Investorideas.com  big ideas for global investors Search www.investorideas.com
   Members       Sign-up       Newsfeeds        Companies        Stock Directories       Research       Video       Funding   




5 Strategies to Ensure Family Business Success

Advisor Shares Tips for Avoiding Common Problems

October 8, 2014 (www.investorideas.com newswire) Non-family businesses can learn a lot from family businesses, says Henry Hutcheson, a certified Family Business Advisor and founder of Family Business USA consultancy.

"Family businesses outperformed non-family businesses during the boom years leading up to the 2008 recession, and during the 2001 and 2008 recession years," he says, citing a recent Harvard Business Review study.

Hutcheson, author of the new book, "Dirty Little Secrets of Family Business," says family businesses were less likely to lay off workers during the lean times, and more likely to maintain their emphasis on socially responsible programs.

But that's just the businesses that survived.

"Many closed their doors," he notes.

With 25 years of business management and family business consulting experience, Hutcheson says he's seen the patterns that can lead to major problems. And they're almost always preventable.

"The factor that enables family businesses to rise to the top is trust: Family members can potentially trust one another far more than non-family members," he says. "But trust can erode when a family member can't or won't perform at the necessary level; when there's a sense of entitlement; drug abuse; laziness. And that can have serious, business-killing consequences.

"If the business is professionalized, there will be a way to deal with those issues. But too often, safeguards are not in place."

Hutcheson offers five top success strategies for family businesses:

  • Keep the lines of communication open. Schedule regular family meetings to discuss issues of concern and topics such as business transition, business performance, and responsibilities. Include all of the family members, no matter where in the hierarchy their jobs fall exclusion creates animosity. Create a family manual that lays out the ground rules for how the meetings will take place to ensure everyone gets a chance to be heard and impediments to communication are left at the door.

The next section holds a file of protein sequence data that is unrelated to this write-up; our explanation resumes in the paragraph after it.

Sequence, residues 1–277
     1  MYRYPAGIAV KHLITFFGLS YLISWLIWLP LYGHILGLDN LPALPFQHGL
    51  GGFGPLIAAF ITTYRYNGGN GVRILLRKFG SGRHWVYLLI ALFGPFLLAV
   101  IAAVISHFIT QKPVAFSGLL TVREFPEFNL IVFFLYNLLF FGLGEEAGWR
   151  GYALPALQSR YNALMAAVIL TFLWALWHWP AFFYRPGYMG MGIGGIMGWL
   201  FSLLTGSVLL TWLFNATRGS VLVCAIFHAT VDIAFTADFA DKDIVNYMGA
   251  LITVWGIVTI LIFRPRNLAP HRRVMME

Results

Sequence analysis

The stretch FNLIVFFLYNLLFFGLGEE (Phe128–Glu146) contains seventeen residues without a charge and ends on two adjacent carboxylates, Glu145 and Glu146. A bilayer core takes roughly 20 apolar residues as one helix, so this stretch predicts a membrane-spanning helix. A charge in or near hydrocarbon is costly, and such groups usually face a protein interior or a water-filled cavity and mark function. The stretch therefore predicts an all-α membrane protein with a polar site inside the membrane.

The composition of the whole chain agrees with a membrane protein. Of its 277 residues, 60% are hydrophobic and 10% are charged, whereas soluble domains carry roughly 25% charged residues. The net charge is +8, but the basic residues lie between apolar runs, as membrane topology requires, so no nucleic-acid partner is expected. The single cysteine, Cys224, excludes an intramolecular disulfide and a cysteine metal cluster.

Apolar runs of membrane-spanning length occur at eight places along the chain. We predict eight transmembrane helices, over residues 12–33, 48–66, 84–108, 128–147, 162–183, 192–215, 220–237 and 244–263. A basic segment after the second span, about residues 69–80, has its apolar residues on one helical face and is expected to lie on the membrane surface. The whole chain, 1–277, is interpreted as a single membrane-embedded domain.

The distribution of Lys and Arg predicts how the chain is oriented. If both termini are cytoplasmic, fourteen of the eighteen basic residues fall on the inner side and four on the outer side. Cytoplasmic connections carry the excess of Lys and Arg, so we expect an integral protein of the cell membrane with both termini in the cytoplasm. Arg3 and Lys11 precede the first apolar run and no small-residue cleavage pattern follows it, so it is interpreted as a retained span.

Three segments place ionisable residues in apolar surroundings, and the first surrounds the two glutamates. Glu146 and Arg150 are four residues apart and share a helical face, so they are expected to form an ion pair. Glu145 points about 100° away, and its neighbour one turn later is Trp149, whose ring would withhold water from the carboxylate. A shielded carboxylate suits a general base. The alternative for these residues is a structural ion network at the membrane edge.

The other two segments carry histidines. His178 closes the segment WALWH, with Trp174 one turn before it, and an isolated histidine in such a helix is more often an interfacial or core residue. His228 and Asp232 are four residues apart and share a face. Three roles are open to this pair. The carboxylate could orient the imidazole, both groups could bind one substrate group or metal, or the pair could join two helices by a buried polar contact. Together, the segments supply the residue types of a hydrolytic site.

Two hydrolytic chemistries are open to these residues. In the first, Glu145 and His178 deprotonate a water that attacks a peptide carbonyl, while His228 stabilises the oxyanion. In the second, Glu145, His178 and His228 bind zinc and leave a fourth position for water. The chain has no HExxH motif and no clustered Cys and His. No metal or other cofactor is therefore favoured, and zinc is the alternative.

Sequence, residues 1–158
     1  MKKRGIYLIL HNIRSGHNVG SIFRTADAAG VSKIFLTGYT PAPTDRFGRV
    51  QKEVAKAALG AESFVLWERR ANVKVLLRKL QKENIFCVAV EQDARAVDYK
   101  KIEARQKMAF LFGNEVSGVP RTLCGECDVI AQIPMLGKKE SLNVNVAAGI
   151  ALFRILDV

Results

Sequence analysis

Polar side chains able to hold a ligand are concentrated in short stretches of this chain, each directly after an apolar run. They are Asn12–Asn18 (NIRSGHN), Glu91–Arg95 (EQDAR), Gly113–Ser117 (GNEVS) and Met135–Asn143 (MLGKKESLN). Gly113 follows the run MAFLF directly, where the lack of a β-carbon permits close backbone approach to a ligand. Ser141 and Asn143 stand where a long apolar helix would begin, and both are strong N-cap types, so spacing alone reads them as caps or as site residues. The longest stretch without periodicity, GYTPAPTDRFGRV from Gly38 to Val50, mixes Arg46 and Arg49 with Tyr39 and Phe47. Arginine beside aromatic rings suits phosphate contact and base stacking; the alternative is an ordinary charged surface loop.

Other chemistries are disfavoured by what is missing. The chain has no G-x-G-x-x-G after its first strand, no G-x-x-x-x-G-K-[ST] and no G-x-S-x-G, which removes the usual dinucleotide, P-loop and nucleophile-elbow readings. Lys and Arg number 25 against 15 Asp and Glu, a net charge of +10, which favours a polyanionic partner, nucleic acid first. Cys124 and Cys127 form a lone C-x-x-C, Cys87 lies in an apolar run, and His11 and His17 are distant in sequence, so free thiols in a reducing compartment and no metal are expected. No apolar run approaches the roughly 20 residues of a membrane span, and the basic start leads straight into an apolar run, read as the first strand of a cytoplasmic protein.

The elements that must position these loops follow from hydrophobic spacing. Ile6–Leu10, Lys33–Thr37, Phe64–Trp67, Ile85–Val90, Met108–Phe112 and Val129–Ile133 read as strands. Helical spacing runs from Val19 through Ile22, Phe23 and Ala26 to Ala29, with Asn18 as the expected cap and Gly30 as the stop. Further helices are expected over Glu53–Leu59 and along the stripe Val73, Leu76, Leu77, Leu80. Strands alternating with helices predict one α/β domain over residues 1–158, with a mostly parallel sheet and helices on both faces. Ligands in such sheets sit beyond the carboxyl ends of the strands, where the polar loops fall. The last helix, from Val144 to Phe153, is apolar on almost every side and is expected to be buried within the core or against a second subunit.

• Assign clear roles and responsibilities. As a family member, it's natural to feel that everything is "my" business. However, not everything is every family member's responsibility. Job definitions prevent everyone from jumping in to tackle the same problem, and help ensure the business runs smoothly.
  • Keep good financial data. The downfall of many small businesses and family businesses is not having solid data. Have a single point of contact to manage the finances. If you're small enough, you can rely on a family member. Otherwise, you'll need to bring in a qualified accountant. You may cringe at the cost for this, but the difference between a good accountant and a bad one is the difference between knowing exactly where you are on the road and trying to drive with a mud-covered windshield.
  • Avoid overpaying family members. Market-based compensation is fundamental and essential. Parents in family businesses tend to overpay the next generation, or pay everyone equally despite differing levels of responsibility. Both are bad practices. The longer unfair compensation practices continue, the messier it will be to clean up when it blows up.
  • Don't hire relatives if they're unqualified. Competence is key. Family businesses are a conundrum: The family aspect generates unqualified love, while the business side cares about profits. Thus, family members will be hired to provide them with a job, even though they're not qualified. The remedy is to get them trained, move them to a role that matches their skills, or have them leave.